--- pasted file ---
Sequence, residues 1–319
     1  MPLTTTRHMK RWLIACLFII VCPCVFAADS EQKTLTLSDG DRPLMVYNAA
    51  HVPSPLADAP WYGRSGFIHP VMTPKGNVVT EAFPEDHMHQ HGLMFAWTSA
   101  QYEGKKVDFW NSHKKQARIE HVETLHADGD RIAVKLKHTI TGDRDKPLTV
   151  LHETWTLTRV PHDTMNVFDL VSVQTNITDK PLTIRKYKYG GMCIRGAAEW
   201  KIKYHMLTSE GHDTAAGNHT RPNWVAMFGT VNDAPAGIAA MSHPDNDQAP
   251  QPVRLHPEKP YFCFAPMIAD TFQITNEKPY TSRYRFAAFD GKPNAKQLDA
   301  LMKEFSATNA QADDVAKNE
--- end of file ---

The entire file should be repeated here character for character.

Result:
Sequence, residues 1–319
     1  MPLTTTRHMK RWLIACLFII VCPCVFAADS EQKTLTLSDG DRPLMVYNAA
    51  HVPSPLADAP WYGRSGFIHP VMTPKGNVVT EAFPEDHMHQ HGLMFAWTSA
   101  QYEGKKVDFW NSHKKQARIE HVETLHADGD RIAVKLKHTI TGDRDKPLTV
   151  LHETWTLTRV PHDTMNVFDL VSVQTNITDK PLTIRKYKYG GMCIRGAAEW
   201  KIKYHMLTSE GHDTAAGNHT RPNWVAMFGT VNDAPAGIAA MSHPDNDQAP
   251  QPVRLHPEKP YFCFAPMIAD TFQITNEKPY TSRYRFAAFD GKPNAKQLDA
   301  LMKEFSATNA QADDVAKNE